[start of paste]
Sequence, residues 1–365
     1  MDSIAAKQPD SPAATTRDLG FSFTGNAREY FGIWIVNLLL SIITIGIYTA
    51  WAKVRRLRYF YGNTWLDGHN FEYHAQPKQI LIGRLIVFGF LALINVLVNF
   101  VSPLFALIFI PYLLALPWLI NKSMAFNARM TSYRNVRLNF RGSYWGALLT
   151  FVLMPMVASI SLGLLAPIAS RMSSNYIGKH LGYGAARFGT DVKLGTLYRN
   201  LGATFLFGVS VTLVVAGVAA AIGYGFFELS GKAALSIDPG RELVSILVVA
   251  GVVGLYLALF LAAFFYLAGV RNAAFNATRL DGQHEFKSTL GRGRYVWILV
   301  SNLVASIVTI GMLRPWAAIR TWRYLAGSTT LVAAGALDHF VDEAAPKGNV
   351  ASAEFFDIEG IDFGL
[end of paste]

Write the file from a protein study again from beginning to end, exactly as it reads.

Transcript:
Sequence, residues 1–365
     1  MDSIAAKQPD SPAATTRDLG FSFTGNAREY FGIWIVNLLL SIITIGIYTA
    51  WAKVRRLRYF YGNTWLDGHN FEYHAQPKQI LIGRLIVFGF LALINVLVNF
   101  VSPLFALIFI PYLLALPWLI NKSMAFNARM TSYRNVRLNF RGSYWGALLT
   151  FVLMPMVASI SLGLLAPIAS RMSSNYIGKH LGYGAARFGT DVKLGTLYRN
   201  LGATFLFGVS VTLVVAGVAA AIGYGFFELS GKAALSIDPG RELVSILVVA
   251  GVVGLYLALF LAAFFYLAGV RNAAFNATRL DGQHEFKSTL GRGRYVWILV
   301  SNLVASIVTI GMLRPWAAIR TWRYLAGSTT LVAAGALDHF VDEAAPKGNV
   351  ASAEFFDIEG IDFGL